Cela signifie qu’en cas d’accident de travail, les assurances CNESST de la productrice ou du producteur ne vous couvrent pas : vous devez avoir souscrit à une protection pour vous-même auprès de la CNESST. Quand vous faites les démarches auprès de la CNESST, vous devez expliquer votre réalité professionnelle en production audiovisuelle et préciser que vous voulez une couverture d’assurance pour vous-même, et non pas pour votre compagnie. Sans quoi la CNESST risque de vous répondre que vous n’avez pas besoin de couverture.
Yes, anyone (worker or employer) who believes they have been wronged by a decision of the CNESST has the right to challenge it. The process varies depending on the nature of the decision. In most cases, the first step involves submitting a written application for review. The subject of the decision must be indicated, as well as the grounds for challenging it. This application must be submitted to the CNESST office in the region where the worker resides.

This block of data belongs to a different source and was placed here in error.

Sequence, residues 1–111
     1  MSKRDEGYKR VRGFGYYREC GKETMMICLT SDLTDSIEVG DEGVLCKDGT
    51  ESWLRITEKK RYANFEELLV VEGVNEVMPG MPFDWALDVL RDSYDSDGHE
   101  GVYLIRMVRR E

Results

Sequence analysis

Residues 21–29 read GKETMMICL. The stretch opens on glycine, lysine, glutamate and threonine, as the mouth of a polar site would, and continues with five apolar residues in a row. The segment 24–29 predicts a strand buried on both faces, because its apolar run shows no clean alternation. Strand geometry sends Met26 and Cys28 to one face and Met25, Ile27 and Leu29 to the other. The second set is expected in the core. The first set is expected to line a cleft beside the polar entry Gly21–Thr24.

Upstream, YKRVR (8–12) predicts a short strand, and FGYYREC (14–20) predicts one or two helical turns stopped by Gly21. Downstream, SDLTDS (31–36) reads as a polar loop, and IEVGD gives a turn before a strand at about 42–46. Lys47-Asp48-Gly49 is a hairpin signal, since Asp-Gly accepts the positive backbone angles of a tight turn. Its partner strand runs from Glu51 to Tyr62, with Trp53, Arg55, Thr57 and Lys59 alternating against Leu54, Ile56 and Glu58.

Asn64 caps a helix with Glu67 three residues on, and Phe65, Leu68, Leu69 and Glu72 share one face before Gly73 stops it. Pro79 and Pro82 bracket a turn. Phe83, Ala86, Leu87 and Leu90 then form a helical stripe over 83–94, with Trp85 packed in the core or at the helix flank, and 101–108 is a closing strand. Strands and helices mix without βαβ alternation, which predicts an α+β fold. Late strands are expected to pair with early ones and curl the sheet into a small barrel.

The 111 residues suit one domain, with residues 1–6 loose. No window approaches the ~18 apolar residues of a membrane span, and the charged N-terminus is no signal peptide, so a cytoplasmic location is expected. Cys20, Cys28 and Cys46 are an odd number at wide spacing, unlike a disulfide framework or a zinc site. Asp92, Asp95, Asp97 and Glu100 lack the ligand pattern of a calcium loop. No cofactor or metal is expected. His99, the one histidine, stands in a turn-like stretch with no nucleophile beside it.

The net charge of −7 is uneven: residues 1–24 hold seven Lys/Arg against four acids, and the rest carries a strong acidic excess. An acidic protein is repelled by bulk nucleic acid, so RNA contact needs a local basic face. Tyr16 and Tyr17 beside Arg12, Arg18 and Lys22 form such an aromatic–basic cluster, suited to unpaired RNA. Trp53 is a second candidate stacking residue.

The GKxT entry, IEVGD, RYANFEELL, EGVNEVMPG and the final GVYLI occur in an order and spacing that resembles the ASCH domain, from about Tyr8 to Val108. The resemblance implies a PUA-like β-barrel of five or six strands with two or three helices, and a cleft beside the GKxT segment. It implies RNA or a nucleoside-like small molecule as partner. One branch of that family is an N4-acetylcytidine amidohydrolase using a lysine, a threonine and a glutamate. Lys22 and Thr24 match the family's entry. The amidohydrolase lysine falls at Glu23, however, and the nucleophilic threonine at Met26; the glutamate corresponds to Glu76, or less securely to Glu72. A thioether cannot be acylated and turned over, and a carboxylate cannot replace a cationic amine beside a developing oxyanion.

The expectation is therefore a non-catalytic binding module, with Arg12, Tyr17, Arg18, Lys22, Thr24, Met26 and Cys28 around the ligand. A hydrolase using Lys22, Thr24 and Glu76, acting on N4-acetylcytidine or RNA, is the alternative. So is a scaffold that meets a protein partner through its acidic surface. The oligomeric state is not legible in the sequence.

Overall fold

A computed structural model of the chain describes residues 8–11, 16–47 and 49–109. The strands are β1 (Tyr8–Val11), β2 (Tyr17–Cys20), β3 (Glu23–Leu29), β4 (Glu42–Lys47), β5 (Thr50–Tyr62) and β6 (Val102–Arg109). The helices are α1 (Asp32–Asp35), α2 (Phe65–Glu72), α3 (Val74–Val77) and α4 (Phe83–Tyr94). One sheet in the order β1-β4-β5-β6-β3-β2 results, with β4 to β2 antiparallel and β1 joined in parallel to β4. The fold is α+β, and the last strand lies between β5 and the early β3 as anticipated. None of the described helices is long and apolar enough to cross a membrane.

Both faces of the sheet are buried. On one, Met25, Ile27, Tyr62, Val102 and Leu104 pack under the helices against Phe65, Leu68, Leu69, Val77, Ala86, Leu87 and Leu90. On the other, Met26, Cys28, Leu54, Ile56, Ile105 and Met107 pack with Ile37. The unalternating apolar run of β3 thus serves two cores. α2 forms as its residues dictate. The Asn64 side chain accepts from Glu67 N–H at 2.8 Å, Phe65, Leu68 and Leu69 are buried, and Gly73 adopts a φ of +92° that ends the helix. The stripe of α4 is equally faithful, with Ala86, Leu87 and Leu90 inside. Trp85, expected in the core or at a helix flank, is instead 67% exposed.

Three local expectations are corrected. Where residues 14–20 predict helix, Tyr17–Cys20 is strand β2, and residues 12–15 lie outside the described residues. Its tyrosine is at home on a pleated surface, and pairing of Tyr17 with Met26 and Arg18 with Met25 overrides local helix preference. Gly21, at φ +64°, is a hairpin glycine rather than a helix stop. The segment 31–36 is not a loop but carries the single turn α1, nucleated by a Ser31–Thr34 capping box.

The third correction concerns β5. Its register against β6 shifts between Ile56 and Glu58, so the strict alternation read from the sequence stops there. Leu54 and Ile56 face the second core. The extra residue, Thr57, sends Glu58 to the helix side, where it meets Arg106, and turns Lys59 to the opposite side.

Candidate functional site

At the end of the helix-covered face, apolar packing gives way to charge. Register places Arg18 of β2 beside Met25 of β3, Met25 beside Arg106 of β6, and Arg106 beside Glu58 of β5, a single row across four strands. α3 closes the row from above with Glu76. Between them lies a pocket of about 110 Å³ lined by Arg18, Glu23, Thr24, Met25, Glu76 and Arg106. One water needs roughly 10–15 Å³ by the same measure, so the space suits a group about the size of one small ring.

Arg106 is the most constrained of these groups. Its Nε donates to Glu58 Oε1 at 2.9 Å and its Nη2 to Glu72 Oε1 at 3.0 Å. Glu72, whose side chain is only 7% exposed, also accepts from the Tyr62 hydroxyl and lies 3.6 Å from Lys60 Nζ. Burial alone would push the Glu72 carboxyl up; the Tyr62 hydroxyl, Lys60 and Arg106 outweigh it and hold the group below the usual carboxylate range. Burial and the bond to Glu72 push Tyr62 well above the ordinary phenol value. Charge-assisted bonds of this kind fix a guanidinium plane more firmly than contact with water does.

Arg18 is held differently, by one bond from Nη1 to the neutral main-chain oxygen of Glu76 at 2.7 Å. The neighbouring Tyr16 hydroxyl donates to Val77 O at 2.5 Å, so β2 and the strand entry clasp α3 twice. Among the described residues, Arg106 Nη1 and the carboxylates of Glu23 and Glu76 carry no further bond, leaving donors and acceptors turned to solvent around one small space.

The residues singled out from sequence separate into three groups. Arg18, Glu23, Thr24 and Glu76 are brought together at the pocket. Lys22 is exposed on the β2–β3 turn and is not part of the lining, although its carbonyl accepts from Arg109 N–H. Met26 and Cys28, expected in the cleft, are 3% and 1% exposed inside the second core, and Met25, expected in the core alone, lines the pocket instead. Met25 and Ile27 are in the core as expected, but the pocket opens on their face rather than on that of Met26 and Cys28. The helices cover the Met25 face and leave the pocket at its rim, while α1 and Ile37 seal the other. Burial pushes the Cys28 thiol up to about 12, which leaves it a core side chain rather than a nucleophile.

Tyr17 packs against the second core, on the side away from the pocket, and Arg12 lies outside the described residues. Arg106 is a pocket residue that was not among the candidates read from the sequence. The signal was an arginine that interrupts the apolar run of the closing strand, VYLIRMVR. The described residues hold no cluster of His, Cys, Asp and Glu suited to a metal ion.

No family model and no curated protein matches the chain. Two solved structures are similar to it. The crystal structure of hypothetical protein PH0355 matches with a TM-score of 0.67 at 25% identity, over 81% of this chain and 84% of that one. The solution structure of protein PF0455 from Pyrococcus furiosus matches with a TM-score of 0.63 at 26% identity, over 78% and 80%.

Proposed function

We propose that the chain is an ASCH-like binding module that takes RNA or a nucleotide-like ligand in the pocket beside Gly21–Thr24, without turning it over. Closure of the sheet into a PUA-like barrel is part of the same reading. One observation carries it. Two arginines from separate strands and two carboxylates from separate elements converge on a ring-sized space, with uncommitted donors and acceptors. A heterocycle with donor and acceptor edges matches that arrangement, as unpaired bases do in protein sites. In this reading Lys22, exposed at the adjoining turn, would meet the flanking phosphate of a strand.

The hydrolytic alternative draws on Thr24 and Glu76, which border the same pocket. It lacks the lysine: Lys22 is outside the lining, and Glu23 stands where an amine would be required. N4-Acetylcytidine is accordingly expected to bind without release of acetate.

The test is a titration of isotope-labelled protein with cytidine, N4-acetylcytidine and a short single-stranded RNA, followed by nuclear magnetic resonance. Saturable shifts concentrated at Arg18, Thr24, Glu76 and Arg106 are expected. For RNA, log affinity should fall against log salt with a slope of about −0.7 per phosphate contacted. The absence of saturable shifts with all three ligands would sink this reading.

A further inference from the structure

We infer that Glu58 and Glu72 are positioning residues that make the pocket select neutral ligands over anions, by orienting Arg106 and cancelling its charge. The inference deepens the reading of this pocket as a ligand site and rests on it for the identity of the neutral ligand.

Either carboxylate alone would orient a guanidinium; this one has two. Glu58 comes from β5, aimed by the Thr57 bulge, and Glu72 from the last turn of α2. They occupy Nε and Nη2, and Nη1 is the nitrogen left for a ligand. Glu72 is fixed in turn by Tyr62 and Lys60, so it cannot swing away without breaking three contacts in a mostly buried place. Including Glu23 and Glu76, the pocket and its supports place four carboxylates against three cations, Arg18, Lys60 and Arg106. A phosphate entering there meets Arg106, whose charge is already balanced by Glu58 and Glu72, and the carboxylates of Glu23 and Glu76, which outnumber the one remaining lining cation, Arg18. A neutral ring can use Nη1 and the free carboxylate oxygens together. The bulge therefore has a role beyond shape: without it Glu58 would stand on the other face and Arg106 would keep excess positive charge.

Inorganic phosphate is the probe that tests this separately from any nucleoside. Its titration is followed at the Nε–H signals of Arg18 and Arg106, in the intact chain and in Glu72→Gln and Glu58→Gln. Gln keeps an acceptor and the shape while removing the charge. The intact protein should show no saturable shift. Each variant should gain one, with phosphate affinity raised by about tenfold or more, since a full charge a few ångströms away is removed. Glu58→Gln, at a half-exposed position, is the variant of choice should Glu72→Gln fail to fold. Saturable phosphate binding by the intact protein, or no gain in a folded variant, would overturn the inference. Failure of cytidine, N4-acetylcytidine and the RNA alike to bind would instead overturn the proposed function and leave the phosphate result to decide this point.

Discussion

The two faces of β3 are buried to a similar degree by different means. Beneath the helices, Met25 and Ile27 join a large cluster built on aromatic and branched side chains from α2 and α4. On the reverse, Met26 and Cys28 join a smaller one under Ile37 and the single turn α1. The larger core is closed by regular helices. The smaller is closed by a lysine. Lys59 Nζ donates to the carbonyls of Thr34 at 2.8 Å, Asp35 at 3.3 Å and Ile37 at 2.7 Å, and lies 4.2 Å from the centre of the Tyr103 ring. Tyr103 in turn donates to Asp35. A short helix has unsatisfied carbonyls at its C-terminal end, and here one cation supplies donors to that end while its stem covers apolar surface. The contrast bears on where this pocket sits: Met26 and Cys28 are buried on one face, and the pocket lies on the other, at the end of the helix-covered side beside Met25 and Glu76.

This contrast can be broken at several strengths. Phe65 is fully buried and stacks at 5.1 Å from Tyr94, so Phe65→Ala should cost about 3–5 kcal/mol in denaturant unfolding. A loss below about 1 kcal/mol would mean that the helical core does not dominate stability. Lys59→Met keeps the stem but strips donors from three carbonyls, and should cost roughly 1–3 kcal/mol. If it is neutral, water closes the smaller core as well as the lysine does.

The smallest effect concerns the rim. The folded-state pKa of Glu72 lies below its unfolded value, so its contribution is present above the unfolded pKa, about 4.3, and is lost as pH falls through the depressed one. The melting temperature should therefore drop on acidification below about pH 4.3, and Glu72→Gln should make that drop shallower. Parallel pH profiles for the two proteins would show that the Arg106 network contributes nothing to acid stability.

There is a 30-day time limit for submitting an application for review following receipt of a CNESST decision. However, the time limit is 10 days when the application involves a decision rendered following an inspection, or relating to a refusal of work or a refusal to re-assign a pregnant or nursing worker.
The CNESST renders a decision after giving the parties an opportunity to present their arguments. The CNESST may confirm, quash or amend a previously rendered decision. A person who believes they have been wronged by this new decision may challenge it before the Commission des lésions professionnelles (employment injury commission) within 45 days of notification.